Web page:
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Government TRWD continuing to fight two lawsuits

TRWD continuing to fight two lawsuits

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Robert Francis
Robert is a Fort Worth native and longtime editor of the Fort Worth Business Press. He is a former president of the local Society of Professional Journalists and was a freelancer for a variety of newspapers, weeklies and magazines, including American Way, BrandWeek and InformatonWeek. A graduate of TCU, Robert has held a variety of writing and editing positions at publications such as the Grand Prairie Daily News and InfoWorld. He is also a musician and playwright.

 

Marice Richter

Fort Worth Business Press Correspondent

The Tarrant Regional Water District board is continuing to fight two separate lawsuits that challenge district decision-making and operating practices.

The board agreed at its board meeting this week to appeal the ruling of Tarrant County District Judge Susan Heygood McCoy to allow a lawsuit filed by Monty Bennett of Dallas to proceed. Lawyers for the district asked that the suit be dismissed.

In the other case, TRWD lawyers are seeking to dismiss a suit challenging a decision to postpone the 2014 TRWD election and extend the term of two board members an extra year.

Bennett’s suit, filed in March, seeks to void a contract to build a $2.3 billion water pipeline that would cross his East Texas ranch because the decision was made without meaningful public discussion.

As a government entity, the suit claims, the water district violated Texas open meeting laws and set up a system of circumventing public discussion of significant projects such as the Trinity River Vision project and the pipeline, a joint project with the city of Dallas to transport water to the Dallas-Fort Worth area. Public votes amount to a “rubber stamp” of decisions reached in private meetings, according to the lawsuit.

The board voted 4-1 on Tuesday to appeal McCoy’s ruling, with board member Mary Kelleher, an advocate for openness in district business dealings and decision-making, voting against the appeal.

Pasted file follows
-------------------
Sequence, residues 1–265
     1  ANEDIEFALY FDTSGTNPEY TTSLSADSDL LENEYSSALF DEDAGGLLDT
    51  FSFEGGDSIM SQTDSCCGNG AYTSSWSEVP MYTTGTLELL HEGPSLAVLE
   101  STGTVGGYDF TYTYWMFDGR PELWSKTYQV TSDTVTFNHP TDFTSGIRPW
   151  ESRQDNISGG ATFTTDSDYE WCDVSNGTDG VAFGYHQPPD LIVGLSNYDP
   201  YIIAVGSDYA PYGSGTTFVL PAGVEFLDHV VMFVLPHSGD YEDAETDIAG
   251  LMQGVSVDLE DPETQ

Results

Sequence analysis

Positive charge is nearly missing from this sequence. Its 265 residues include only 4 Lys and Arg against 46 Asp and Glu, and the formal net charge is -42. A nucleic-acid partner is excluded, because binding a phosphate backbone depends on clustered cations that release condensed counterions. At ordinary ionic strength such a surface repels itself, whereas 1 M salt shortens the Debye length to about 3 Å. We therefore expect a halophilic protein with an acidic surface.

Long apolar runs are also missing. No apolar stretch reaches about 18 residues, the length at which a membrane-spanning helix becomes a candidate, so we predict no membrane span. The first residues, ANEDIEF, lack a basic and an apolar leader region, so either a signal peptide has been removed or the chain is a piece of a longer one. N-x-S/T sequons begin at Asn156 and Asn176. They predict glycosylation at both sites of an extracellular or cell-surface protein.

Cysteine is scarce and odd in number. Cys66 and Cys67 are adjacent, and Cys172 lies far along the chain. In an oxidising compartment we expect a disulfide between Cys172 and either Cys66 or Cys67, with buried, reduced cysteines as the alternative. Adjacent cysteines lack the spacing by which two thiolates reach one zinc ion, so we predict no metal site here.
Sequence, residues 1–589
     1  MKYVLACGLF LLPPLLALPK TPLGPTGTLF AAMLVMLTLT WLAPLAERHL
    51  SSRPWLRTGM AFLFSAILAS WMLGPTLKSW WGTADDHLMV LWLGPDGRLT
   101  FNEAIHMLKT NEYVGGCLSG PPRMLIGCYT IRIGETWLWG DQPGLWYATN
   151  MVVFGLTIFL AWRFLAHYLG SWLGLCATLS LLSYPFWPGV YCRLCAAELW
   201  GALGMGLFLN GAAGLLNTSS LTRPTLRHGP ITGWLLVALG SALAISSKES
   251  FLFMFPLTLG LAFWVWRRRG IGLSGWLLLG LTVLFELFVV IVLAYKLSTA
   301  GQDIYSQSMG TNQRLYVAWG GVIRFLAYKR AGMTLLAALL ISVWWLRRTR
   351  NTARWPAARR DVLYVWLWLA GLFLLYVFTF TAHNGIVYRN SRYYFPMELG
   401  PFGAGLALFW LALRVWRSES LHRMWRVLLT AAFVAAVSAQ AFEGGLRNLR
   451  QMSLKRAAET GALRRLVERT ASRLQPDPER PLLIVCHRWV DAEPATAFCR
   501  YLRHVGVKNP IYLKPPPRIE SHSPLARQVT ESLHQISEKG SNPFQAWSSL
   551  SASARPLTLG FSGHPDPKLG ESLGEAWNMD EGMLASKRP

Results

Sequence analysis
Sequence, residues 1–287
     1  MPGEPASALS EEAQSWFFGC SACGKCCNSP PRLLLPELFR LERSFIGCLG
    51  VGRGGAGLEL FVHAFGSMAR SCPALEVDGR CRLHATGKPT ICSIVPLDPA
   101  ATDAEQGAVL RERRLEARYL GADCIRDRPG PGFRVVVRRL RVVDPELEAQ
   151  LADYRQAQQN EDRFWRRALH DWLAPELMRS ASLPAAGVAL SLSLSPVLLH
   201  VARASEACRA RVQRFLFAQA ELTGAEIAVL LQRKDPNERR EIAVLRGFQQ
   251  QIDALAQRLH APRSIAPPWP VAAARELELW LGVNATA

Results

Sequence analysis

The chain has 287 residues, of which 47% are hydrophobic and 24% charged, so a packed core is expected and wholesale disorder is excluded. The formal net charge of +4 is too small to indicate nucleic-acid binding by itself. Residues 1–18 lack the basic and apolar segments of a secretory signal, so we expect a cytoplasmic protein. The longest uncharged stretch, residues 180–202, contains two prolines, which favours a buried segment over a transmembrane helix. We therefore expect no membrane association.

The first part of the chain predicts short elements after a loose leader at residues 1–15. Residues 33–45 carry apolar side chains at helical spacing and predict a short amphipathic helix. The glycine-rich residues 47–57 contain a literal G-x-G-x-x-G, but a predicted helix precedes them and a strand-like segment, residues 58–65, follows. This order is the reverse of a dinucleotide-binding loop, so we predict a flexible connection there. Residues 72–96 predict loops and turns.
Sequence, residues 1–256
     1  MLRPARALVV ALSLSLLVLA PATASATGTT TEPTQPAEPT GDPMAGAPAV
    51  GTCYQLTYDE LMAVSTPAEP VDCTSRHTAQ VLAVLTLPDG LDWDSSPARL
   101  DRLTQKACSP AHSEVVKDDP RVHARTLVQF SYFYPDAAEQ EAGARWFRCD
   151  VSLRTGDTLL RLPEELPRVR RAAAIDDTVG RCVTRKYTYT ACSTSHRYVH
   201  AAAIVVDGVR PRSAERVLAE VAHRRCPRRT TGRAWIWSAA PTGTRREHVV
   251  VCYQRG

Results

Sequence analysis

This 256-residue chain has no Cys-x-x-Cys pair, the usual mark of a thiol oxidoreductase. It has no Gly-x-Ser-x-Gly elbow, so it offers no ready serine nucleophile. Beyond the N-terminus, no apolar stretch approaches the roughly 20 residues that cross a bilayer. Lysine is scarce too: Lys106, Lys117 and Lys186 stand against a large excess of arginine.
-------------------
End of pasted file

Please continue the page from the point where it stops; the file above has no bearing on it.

“I am vehemently opposed,” to appealing the ruling, she told the Business Press.

“The TRWD board has exercised its right to seek immediate review of the trial court’s preliminary ruling,” spokesman Chad Lorance said Thursday.

Bennett’s attorney, Bill Brewer of Dallas, said he expected the ruling to be appealed.

“I wouldn’t be surprised if they continue to play hide and seek to avoid having depositions taken and documents released showing what has gone on behind closed doors,” Brewer said recently.

TRWD attorneys said in court documents that Bennett’s claim is “groundless and is brought in bad faith, for the purposes of harassment, and for the purpose of causing unnecessary delay and to increase the costs of litigation.”

Bennett’s lawsuit seeks full public disclosure of district business and voiding of contracts that are a result of unlawful decision-making without public input, including the pipeline. The lawsuit states that the board unanimously approved all 339 recommendations from an advisory committee at 60 consecutive meetings without substantial discussion.

The other suit, spearheaded by John Austin Basham, an outspoken critic of what he considers the TRWD’s secretive actions and an unsuccessful candidate for the board last May, seeks to void a TRWD decision to cancel the 2014 board election and extend the terms of two board members by a year.

TRWD lawyers asked a Tarrant County court to dismiss the suit by Basham, board critic Darlia Hobbs and Texans for Government Transparency because the board is immune from being sued by people they govern.

“I fully expect the court will rightfully side with the taxpayers and the law on this issue,” Basham said. “The fundamental American right to have an election and choose your leaders can never be curtailed.”

Matt Rinaldi, attorney for Basham and other plaintiffs, said the TRWD move is a delay tactic.

“They are trying to run out the clock until it is too late to hold an election in 2014,” Rinaldi said. “But I’m confident that their plea in this case will meet the same fate as the one in the Bennett case, and we will have a water board election.”

“In Texas, it is unconstitutional to extend the terms of board members beyond four years,” Rinaldi said.

TRWD officials declined to comment on the lawsuit but Lorance has said the election was changed to conform with a new state law that sets a uniform election date in May of odd-numbered years.  


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